Dean Spanley: DVD Review
Released by Universal Home
Cast: Peter O'Toole, Sam Neill, Jeremy Northam, Bryan Brown, Art Malik
Sometimes a film comes along which takes you completely by surprise.
A film which you try and explain to people the basic plot of and they look at
you like you've lost the plot completely.
Dean Spanley is one of those films.
Based on the book by Lord Dunsany, this film from New Zealand director Toa
Fraser (No 2) is based in London Edwardian times and centres around a
cantankerous Fisk senior (played with impish irascibility by Peter O' Toole) and
his relationship with his son Fisk Junior (Jeremy Northam)
Junior spends every Thursday with his father - out of a sense of family
ritual rather than a desire to be with him; but each visit drives a wedge even
further between the two.
One day Fisk junior suggests they attend a seminar on reincarnation from a
Swami Nala Prash; however O'Toole's character dismisses the entire meeting as
Tucked away at the back of the audience, is Dean Spanley (played by Sam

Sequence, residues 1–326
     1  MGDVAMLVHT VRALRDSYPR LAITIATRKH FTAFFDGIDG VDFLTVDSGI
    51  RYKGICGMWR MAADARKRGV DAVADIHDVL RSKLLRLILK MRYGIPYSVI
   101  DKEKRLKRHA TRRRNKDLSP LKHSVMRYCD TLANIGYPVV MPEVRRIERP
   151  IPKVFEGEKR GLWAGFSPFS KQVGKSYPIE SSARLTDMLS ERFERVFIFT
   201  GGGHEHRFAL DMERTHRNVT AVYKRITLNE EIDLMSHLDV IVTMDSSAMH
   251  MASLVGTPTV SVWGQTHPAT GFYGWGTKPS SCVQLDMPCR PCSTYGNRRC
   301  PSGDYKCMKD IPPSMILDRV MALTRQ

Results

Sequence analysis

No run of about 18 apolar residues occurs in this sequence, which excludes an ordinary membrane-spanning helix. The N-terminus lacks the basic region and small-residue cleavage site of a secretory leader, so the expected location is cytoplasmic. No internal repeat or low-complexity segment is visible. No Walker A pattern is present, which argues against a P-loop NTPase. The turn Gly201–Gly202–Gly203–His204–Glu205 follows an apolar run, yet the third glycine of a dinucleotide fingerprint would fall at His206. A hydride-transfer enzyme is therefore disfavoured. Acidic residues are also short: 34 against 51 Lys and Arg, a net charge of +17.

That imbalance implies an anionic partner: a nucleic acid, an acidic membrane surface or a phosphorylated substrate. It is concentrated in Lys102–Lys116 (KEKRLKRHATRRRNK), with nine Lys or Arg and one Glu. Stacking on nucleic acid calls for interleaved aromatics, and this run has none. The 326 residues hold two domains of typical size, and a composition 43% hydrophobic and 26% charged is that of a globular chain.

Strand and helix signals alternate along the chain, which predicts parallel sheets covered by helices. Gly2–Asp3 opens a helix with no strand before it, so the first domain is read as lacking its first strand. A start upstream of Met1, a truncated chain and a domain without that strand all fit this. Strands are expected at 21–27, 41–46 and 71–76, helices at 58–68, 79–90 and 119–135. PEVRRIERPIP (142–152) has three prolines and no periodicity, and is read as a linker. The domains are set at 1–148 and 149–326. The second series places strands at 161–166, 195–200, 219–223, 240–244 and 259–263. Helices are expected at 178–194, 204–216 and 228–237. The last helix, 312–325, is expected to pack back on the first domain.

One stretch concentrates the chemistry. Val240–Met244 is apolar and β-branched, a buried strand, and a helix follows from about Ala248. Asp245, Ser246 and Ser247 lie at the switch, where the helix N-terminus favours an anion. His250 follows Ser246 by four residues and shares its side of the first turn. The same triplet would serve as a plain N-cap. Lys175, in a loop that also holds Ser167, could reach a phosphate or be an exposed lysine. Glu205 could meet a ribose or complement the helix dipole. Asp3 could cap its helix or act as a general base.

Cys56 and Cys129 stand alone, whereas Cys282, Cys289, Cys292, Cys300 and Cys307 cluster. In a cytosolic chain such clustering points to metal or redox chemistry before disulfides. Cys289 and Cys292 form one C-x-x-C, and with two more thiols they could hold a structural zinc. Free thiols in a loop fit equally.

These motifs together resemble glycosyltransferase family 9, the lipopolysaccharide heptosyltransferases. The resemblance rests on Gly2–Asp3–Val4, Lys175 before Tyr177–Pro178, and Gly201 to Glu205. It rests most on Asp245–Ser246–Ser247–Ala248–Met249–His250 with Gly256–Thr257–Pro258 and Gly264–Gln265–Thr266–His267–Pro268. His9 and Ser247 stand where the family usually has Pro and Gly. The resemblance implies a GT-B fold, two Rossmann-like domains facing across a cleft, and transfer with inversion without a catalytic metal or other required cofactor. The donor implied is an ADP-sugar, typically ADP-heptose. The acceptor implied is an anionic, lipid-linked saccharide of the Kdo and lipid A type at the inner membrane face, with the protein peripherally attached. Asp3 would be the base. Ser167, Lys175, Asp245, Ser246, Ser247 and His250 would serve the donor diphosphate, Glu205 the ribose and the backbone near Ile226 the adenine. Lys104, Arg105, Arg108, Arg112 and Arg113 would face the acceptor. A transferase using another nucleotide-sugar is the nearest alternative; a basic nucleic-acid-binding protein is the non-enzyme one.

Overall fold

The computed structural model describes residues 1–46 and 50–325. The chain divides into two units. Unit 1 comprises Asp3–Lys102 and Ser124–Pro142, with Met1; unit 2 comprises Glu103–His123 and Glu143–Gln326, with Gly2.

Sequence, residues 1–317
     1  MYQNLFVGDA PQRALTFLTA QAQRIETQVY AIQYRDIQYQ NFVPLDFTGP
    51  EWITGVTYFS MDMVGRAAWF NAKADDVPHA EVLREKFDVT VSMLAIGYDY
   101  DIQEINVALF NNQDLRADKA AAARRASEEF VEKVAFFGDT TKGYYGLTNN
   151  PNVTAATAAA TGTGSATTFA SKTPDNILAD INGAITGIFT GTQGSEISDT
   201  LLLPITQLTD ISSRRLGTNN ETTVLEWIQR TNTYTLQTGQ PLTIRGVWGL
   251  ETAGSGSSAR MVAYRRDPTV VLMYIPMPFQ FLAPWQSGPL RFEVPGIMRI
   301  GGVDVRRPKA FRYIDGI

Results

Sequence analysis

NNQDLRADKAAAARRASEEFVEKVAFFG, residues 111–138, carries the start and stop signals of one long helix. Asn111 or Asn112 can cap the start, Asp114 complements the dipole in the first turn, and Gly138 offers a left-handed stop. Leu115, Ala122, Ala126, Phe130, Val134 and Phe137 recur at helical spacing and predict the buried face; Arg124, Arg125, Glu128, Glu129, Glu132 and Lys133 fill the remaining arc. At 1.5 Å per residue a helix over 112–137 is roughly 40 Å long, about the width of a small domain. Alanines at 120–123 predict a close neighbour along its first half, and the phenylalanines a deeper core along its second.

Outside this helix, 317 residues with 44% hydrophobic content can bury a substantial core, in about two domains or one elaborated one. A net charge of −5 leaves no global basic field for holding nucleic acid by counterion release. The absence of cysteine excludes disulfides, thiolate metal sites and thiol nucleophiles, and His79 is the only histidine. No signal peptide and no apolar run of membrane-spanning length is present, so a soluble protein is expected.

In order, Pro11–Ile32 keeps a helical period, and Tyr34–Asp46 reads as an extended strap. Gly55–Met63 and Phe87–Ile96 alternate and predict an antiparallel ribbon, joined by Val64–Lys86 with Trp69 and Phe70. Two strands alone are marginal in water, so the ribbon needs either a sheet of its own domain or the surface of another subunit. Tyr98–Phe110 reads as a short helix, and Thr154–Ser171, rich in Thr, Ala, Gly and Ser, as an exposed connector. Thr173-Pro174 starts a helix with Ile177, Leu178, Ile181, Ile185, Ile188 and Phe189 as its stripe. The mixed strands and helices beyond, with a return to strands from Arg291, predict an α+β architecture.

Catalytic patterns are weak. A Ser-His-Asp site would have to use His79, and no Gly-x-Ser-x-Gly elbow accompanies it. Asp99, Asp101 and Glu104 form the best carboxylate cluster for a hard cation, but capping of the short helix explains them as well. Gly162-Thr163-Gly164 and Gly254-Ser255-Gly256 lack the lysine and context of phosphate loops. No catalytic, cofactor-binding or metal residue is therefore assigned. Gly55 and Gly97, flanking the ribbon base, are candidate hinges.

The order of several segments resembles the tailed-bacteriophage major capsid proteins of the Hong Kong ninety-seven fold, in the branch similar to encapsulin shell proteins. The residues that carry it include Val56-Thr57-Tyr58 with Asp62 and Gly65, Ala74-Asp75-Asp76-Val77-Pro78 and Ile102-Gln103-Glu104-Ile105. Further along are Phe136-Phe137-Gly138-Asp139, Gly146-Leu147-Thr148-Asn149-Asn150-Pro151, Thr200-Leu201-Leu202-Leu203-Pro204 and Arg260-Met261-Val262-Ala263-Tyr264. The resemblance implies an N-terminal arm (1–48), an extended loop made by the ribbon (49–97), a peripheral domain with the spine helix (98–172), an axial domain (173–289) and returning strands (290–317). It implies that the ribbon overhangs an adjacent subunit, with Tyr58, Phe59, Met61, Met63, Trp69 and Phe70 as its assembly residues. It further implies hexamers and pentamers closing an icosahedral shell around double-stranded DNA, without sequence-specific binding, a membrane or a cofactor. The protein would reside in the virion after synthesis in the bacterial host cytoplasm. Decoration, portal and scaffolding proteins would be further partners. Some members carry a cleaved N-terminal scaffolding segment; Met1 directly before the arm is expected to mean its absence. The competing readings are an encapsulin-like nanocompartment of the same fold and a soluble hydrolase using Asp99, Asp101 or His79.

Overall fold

Neill) - his attendance piques Fisk Junior's curiosity and he decides to invite
the Dean to dinner to further explore his beliefs.
But the Dean has to be tempted to attend with the promise of the provision of
a bottle of a Hungarian wine known as Tokay - a wine only given out by Royal
The problem is that this Tokay, when imbibed by the Dean, sends him back to a
former life - as a dog.
Astounded by what he's seen, Fisk Junior soon finds himself on a quest to
secure more Tokay so that he can explore even deeper the reality of the Dean's
Dean Spanley is one of those films which will be given the label of quirky -
but to do so, is to simply dismiss its warmth and story.
Northam and Bryan Brown are good in their roles and O'Toole gives a sterling
performance as usual - his eyes sparkle with a cheeky cantankerous fire.
But it's Sam Neill whose performance steals this film.
Initially, his Dean Spanley seems a little aloof and wary of the Fisks - but
the more he imbibes the Tokay, it becomes clearer to the audience how much of
Neill's performance is channeling that of a pooch.
From the jowly beard to the whimpering noises he makes when he first sniffs
the wine, Neill embodies all the behaviours of a dog - but in a subtle and
Dean Spanley is a tale of fathers and sons, dogs and their masters - of
comradeship and relationships, this offbeat story will leave you with a
whimsical grin on your face.
Unfortunately this disc is lacking on extras which is a real shame - but
doesn't detract (too much) from the overall brilliance.